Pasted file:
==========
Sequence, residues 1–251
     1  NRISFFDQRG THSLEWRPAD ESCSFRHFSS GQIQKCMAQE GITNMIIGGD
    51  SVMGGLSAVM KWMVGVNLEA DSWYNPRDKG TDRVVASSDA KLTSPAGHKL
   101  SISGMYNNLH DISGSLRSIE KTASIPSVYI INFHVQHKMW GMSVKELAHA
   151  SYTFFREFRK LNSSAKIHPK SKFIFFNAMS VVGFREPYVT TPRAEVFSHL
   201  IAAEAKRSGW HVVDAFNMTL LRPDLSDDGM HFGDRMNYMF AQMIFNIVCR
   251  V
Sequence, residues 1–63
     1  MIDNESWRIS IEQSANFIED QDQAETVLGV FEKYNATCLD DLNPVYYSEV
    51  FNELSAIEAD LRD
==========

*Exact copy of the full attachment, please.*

Sequence, residues 1–251
     1  NRISFFDQRG THSLEWRPAD ESCSFRHFSS GQIQKCMAQE GITNMIIGGD
    51  SVMGGLSAVM KWMVGVNLEA DSWYNPRDKG TDRVVASSDA KLTSPAGHKL
   101  SISGMYNNLH DISGSLRSIE KTASIPSVYI INFHVQHKMW GMSVKELAHA
   151  SYTFFREFRK LNSSAKIHPK SKFIFFNAMS VVGFREPYVT TPRAEVFSHL
   201  IAAEAKRSGW HVVDAFNMTL LRPDLSDDGM HFGDRMNYMF AQMIFNIVCR
   251  V
Sequence, residues 1–63
     1  MIDNESWRIS IEQSANFIED QDQAETVLGV FEKYNATCLD DLNPVYYSEV
    51  FNELSAIEAD LRD